How To Have Confidence When Playing From Bad Lies

I’m very happy to introduce to GolfBlogger readers the first in a series of articles on game improvement from Adam Bazalgette, Director of Golf Instruction at The Club at Mediterra in Naples Florida.

by Adam Bazalgette

Part of the challenge of the game of golf is playing from bad lies. In this article I will discuss the conditions on the ground that the ball finds itself in, not side slopes etc.

Two elements of dealing with poor lies often are overlooked. The first is mentally accepting the situation. Again it is part of the challenge and variety of playing the game. When a player gets frustrated, or feels that it is unfair they can rarely focus their efforts properly on what to do.

The other element often overlooked is having a clear idea how the ball is likely to react from different lies after it lands. Failing to assess this can often lead to failing to get out of trouble. I will deal with this as I go along.

There are all sorts of bad lies, but I will deal with the two most common.

The bare, or “Hard pan” lie, is one where there is no cushion under the ball, often bare smooth dirt or very sparse ground. This is often found under trees. The key here is that the club shaft must be leaning forward (de lofting the club) at impact. This tilts the clubface against the ball when there is no cushion underneath it, and it helps the golfer avoid striking the ground before the ball.

This kind of impact to some extent is the desired position for almost any shot played without a tee, and is the result of good fundamentals. However, it can be accentuated by moving your ball position back in your stance, and feeling more like you are hitting a punch shot. This will de-loft the club a little, so take a slightly more lofted club if you need to get the ball over something in front of you.

Even when well-executed you will likely make contact near the bottom of the clubface, which adds backspin and reduces distance a little, so factor that in.

The other common bad lie is when the ball is sitting down in thick or tall grass. In this article I am commenting on a full shot from this situation, not a greenside shot.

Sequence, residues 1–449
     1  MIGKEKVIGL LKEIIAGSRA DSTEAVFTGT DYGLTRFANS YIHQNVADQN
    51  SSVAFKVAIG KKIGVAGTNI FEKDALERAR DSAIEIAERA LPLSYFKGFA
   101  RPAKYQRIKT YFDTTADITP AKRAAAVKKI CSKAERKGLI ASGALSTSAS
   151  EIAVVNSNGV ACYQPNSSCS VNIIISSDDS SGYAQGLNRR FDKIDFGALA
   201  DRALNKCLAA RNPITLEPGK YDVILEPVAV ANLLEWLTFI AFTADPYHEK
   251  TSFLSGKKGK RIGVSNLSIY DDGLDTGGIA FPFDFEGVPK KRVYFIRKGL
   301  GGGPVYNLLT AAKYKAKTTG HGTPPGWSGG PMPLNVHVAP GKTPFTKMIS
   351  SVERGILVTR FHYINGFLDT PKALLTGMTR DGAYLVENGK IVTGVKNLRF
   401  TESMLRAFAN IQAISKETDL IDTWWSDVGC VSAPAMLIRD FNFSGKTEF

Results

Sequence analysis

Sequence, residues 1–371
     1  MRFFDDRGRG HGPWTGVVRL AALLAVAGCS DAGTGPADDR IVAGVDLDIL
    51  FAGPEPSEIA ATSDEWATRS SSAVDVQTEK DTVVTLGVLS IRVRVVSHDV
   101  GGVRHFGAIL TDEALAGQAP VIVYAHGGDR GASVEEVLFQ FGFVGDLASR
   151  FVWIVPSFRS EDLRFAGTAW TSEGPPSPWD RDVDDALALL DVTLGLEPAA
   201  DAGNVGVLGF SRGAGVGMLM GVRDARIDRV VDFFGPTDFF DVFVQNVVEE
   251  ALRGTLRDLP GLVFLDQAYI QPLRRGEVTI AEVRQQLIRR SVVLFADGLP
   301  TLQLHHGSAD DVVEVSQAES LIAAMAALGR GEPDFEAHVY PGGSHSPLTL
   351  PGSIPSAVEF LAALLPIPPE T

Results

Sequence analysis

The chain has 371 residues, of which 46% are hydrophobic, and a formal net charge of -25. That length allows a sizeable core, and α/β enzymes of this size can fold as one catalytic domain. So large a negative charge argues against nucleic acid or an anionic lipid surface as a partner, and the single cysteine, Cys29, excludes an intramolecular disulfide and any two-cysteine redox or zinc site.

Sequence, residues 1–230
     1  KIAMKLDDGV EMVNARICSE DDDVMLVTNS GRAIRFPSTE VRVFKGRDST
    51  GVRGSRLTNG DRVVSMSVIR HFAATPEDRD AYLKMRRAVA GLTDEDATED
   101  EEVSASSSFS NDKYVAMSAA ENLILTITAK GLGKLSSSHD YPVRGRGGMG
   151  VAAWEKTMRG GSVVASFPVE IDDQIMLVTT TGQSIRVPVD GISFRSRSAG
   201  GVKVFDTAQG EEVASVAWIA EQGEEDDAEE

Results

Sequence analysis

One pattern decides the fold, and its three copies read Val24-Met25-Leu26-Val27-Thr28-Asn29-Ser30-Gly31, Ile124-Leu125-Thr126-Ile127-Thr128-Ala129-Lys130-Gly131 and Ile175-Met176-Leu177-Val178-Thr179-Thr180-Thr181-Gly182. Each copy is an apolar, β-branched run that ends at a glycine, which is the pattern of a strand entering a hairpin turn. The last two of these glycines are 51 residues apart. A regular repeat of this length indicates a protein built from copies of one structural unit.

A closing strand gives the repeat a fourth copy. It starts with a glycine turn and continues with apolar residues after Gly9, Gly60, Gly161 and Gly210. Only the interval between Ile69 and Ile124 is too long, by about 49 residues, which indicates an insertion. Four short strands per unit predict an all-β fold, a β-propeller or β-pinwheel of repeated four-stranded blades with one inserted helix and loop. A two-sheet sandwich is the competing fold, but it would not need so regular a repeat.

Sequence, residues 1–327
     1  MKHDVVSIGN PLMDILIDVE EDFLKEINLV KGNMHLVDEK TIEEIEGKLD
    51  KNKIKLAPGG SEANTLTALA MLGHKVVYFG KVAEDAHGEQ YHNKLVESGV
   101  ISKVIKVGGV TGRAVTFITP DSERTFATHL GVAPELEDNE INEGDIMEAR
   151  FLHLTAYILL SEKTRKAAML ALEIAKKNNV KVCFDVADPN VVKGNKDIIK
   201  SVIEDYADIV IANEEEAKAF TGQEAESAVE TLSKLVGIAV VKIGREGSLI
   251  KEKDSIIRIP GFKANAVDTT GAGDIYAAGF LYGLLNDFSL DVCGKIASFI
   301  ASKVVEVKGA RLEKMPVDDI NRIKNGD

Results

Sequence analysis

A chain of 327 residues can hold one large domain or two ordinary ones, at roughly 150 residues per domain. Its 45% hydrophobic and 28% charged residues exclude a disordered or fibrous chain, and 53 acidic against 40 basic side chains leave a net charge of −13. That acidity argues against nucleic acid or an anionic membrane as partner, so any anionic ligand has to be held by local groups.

To play this shot you must strike sharply down near the back of the ball. If you sweep the club in to the shot on a level approach you will get too much grass caught between club and ball, and will lose a lot of distance.

To do this, adopt an approach similar to that of the tight lie. Play the ball back in your stance, select a more lofted club (far too many golfers try to hit fairway woods and long irons), and swing the club authoritatively down on the back of the ball. Expect a more abbreviated finish, which can be quite compatible with a forceful swing.

Unlike the tight lie, when struck properly this shot will come out low and “Hot,” and will tend to run a lot.

Practice these lies, relish the challenges of the game, and I’m confident you will improve.

About The Author:

Adam Bazalgette grew up in London, England, where he took up golf. He has been teaching golf full-time since 1992.  Adam worked for David Leadbetter in Orlando and in 1994 was promoted to the Academy Director at the Leadbetter’s Naples facility.  Adam currently is the director of golf instruction at The Club at Mediterra in Naples Florida and has held this position for the last 6 years.  Make sure to visit his site at for private lessons if your going to be in the Naples Florida area.

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2 thoughts on “How To Have Confidence When Playing From Bad Lies”

  1. Thanks for the tips, Adam. The ultimate goal for many golfers, especially high handicaps, hitting from these lies, may not be to reach the green but to get the ball back in the fairway advancing it as far as possible.

  2. Well explained Adam,

    For hard pan lies in particular your advice is spot on.

    I was in one of these last Sunday and played a knock down type shot with an 8 iron. The ball came out a little bit skinny but still had the right direction and shape to get to the green safely in two.

    Great tip to take to the golf course.


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